Well, maybe a medium sized dog's eye. Seems my housekeeper was expecting me tomorrow, and was hoping to get it all done before I got home. Well, looks like not. In fact, it looks like it has not been done since I left. On the other hand, there was, like NO trash lying around, so I suspect that he actually did do some of it. I wish he had remembered the strip beside the church....it was knee high and seeding. As is my rhubarb! Well! Looks like a fair amount of yard work to get done here this weekend!
Brenda packed it in at nine in the evening last night. That would be three in the morning Europe time, I am amazed she made it this far. Long day in London yesterday and day before yesterday....when we got to London we went immediately to our hotel. Nice location, on Belgrave Street, only 500 meters from Victoria Station. Like all directions made by and for hotels, this distance is suspect, you have to go AROUND the station to get in and out of it, and it is a BIG station, and that little detour added an extra thousand steps. But the worst was when we were assigned our room....on the fourth floor. This makes for five stories of narrow stairway with no elevator because, of course, in Europe, the main floor is floor zero, and the what we call the second floor, they call the first floor.
Thump thump thump, a step at a time to get this heavy suitcase up to a tiny little room. Well, it was London right...you don't expect luxury, not even on Belgrave street! So we got up there, and found a nice full double bed, a side table, a desk and lo and behold, a shower and a sink. Brenda says to me...isn't there a toilet in here? The e-contract says there is a bathroom. Oh right, I remember, in England, a bathroom and a toilet are two separate rooms. Yup, we got a bathroom. Or rather, a shower room. The toilet was in the hall. You would think that a hotel which would save money and floor space by not putting a toilet in every room would make the communal bog nice and fancy! Hah! Airplane toilets have more room! Oh well, its not like I am sitting in there with a cigar, and a newspaper for hours, so who cares. The bed was comfortable, and even though you had to step into the "bathroom" to change your mind, the room was cool, pleasant and quite up to the job of crashing us for the night!
So it seems the Victoria and Albert Museum is not open past 5:30 on Wednesdays after all! Oh shucks. So Brenda thought...."hey, I've never been to Greenwich". I regarded it as a pretty little town, at the end of the Docklands Light Railway run past Canary Wharf. The home of the Dominion Observatory, the Prime Meridian, and the school for Naval Navigators back when Britannia ruled the waves. There is a musum of well known naval chronometers in there, but I have never ever had the chance to visit it, this was no exception, so I contented myself with checking out the fairly recent statue of General Wolfe, who is overlooking the famous "roll down" hill at Greenwich. Interesting (to a Canadian) is the fact that Canadian's had donated it (no surprise) but that the present Compte du Montcalm had dedicated the statue. Canadians will appreciate the irony, all others will just say "huh?"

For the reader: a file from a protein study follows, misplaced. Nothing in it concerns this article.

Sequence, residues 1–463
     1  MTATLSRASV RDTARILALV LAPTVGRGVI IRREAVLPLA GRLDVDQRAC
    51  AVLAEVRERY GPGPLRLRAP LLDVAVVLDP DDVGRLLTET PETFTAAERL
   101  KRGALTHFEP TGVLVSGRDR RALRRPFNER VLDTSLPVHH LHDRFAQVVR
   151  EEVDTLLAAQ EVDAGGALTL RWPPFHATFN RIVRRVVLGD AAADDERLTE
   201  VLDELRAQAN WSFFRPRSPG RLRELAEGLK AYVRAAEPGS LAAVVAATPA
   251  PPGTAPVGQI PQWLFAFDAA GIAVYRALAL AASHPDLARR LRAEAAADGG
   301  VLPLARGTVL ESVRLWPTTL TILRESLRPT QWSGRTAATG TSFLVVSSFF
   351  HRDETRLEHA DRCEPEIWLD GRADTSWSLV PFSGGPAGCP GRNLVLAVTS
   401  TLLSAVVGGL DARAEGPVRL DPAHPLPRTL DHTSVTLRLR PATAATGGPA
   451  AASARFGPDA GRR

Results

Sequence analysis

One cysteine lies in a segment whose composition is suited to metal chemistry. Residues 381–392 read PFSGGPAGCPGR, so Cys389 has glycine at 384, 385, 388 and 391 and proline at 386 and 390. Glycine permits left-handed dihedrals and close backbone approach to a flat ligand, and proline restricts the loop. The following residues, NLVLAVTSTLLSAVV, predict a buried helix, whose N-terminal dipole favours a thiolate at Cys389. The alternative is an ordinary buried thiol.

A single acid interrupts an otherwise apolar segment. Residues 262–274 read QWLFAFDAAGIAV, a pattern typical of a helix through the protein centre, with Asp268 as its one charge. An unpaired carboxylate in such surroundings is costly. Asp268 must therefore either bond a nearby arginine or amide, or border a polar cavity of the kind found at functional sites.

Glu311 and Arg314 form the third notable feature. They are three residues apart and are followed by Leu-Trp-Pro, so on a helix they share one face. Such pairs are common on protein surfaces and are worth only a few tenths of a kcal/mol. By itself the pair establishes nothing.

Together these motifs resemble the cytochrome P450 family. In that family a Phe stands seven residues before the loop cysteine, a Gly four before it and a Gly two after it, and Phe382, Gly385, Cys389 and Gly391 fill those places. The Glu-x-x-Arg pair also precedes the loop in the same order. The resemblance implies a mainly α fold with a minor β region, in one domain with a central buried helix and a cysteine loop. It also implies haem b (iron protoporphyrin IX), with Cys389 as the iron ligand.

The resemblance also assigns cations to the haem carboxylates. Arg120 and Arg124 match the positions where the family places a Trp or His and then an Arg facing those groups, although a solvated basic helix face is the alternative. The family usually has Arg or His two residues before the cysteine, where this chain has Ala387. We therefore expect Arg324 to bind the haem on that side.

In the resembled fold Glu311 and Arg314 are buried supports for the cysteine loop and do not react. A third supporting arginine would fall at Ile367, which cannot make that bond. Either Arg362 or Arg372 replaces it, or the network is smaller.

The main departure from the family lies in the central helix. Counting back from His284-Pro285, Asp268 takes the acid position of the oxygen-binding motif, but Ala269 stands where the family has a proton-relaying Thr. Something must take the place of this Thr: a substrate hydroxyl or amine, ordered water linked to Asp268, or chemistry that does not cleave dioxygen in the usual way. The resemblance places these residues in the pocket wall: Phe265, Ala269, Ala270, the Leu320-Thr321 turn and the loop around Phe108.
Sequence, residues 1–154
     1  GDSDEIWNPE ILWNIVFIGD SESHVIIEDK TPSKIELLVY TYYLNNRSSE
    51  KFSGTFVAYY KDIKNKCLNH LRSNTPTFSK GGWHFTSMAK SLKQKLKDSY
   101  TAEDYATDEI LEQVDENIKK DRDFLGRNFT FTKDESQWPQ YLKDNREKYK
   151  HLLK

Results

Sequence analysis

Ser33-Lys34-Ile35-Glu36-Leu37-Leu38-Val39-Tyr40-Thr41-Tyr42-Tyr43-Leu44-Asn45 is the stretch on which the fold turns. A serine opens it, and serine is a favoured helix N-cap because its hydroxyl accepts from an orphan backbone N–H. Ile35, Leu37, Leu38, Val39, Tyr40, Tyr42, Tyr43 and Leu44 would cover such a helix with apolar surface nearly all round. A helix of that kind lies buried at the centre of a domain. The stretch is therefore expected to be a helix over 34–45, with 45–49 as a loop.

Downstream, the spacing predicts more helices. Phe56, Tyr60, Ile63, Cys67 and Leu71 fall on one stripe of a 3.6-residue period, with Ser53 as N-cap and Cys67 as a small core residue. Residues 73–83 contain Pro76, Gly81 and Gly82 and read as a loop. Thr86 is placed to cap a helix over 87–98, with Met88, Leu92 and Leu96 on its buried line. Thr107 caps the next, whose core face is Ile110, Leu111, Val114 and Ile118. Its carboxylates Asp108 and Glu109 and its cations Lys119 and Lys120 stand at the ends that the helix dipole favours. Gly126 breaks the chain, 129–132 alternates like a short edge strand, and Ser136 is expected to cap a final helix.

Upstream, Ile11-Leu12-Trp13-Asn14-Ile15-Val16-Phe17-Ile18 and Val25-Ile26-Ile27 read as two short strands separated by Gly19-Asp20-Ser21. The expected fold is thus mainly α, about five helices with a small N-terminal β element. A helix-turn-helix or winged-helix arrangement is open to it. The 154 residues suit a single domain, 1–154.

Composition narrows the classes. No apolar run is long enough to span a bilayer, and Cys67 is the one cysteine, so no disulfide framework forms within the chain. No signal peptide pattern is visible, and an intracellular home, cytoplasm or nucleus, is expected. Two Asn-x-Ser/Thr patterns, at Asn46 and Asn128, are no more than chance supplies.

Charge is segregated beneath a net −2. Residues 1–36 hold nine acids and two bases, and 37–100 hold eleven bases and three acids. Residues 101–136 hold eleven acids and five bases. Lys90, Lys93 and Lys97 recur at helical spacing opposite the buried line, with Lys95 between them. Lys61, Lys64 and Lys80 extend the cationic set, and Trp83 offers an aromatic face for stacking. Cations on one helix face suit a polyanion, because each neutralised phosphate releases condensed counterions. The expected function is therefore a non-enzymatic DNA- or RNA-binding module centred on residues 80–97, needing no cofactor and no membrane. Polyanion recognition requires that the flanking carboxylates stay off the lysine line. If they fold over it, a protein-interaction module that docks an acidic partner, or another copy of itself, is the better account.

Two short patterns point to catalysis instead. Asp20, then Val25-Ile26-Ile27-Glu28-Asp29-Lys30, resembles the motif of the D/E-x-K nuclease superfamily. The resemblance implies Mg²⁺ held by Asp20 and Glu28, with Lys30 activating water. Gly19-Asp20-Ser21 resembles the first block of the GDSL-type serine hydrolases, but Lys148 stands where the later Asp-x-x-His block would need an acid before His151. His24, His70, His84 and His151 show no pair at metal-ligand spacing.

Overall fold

The Cutty Sark in all its burnt out glory was still there, surrounded by wooden boards like a construction site. Quite depressing to see the burnt timbers and exposed iron beams. The cutty sark had an iron skeleton, and wooden cladding. It was a fire trap, even when I visited it a few years ago, it looked like it was crumbling away, the hundred and fifty year old railings were turning to tinder dust and the aft section was filled with P.E.G. in an attempt to stabilize the hull. The famous figure head of the woman running from the ghost is totally gone (removed last November according to the "Times",)
The name "cutty sark" is from a Scottish short story about a woman who ran from a ghost, who grabbed her nightgown. Swift thinking, she slashed her nightgown (the sark) away from her body, leaving the ghost holding part of it, which evidently satisfied the spector, but because of the magic involved, she had run several counties over, ending up far from home and half dressed. A perfect subject for carving, and a great name for the fleetest clipper ship to ever ply the tea trade! Even now, the speed she did her runs has not been beat....the modern ships conserve fuel and plod to and from their destinations.
The upperworks of this ship can be replaced, but the figureheads were lovingly salvaged from old boatyards, attics, and boathouses all over the Thames Valley, and this collection was the only such collection in the world. It was one man's life work. And it seems to have been removed last November and stashed someplace, but nobody seems to know where.
Nobody is talking about the causes of the fire either. The headlines seemed to scream out that vandals had done it, but then, these are UK newspapers, not noted for good solid background checking of sources.
And the Guardian has wonderful pictures of it here.... http://www.guardian.co.uk/gallery/2007/may/21/1?picture=329885920
And of course, the London Times, which DOES check its sources, tells me the good news is that the figurehead and all artifacts inside the hull had been removed for conservation!
The links above are full of great pictures.
A nice long flight back to Canada. Into the trades the whole way, which added an hour to the flight. Boring movies (Billy Bob Thorton ----Astronaut? Pullleeeezzzzeee!) An hour helping Steve mow the hayfield which used to be a lawn, and then early to bed. Today, download some pictures. Brenda has about 500 pictures. What would be a good way to display them? Any ideas? Should I go back over these blogs and insert pictures into the narrative, or put them on a photo bucket, or should I start another blog beside this one with updated narrative and pictures?